Alienware Aurora R8 Review: A Compact RTX Gaming Powerhouse

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Alienware Aurora R8: Ray-Traced Gaming Benchmarks

3DMark Port Royal
DirectX Ray Tracing

According to UL, the recently-released 3DMark Port Royal test is a “realistic and practical example of what to expect from ray tracing in upcoming games”. The test incorporated ray tracing effects, running in real-time, at a resolution of 2560 × 1440. 3DMark Port Royal was developed with input from AMD, Intel, NVIDIA, and other leading technology companies, and while it can technically run on any DX12-class GPU with DXR support, it is only NVIDIA’s Turing-based GeForce RTX cards that have ray tracing-enabled drivers at the moment.

3dmark port royal
3DMark Port Royal

alienware aurora r8 3dm port royal

Port Royal brings results similar to our Time Spy testing. Once again we have test bench figures included so we have a point of comparison. The Aurora R8 is not able to keep pace with our test bench's RTX 2080 at stock speeds. Once overclocked though, the Aurora R8 strikes back with a reasonable performance edge.

Battlefield V
Ray Tracing In Action

Ray tracing enabled titles are only beginning to release. Battlefield V is the first big player to harness the power of NVIDIA's new RT cores. The result is a graphically intensive and visually stunning first-person shooter. We decided to step the Aurora R8 through a variety of RTX and DLSS settings on Ultra Quality to see how it fares.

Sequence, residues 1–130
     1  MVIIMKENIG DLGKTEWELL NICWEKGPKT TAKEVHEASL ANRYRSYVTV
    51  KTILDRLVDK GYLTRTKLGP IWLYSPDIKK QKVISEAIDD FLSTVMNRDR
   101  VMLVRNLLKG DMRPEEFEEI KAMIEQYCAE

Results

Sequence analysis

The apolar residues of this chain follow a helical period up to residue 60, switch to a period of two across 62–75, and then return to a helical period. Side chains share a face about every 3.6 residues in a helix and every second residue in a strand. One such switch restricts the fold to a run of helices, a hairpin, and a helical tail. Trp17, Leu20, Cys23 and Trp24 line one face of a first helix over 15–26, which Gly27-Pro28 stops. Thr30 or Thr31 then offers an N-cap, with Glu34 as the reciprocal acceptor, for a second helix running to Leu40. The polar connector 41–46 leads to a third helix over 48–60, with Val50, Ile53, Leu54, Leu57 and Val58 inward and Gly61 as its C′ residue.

battlefield v

alienware aurora r8 battlefield v
There is a lot to digest here. Let's start the analysis with 1080p. DLSS is not available at 1080p with the RTX 2080. Naturally, the best frame rates result from turning DXR off. Even with DXR turned on, however, the Aurora R8 is more than capable of maintaining in excess of 60fps which should please most users. Maximum eye-candy and excellent frame rates? We will certainly take it.

Moving up to 1440p is probably the Aurora R8's sweet spot. Of all the DXR enabled settings, the overclocked DXR Ultra with DLSS provides the best framerates. We cannot perceive any degradation in image quality with DLSS enabled at these settings, so this is probably the preferred loadout to use if you want the best of everything.

4K DXR without DLSS can charitably be described as "playable" but we would not recommend it. Fortunately, enabling DLSS does recoup a 50% or so increase in frame rate, though it still falls shy of 60fps. 4K ray tracing is best relegated to the beefier RTX 2080 Ti at this point.

One take away from this testing is the generally small performance gap between DXR Low and DXR Ultra. If you have any interest in enabling ray tracing, it seems silly not to make the most of it, especially when DLSS can recover performance at higher resolutions.

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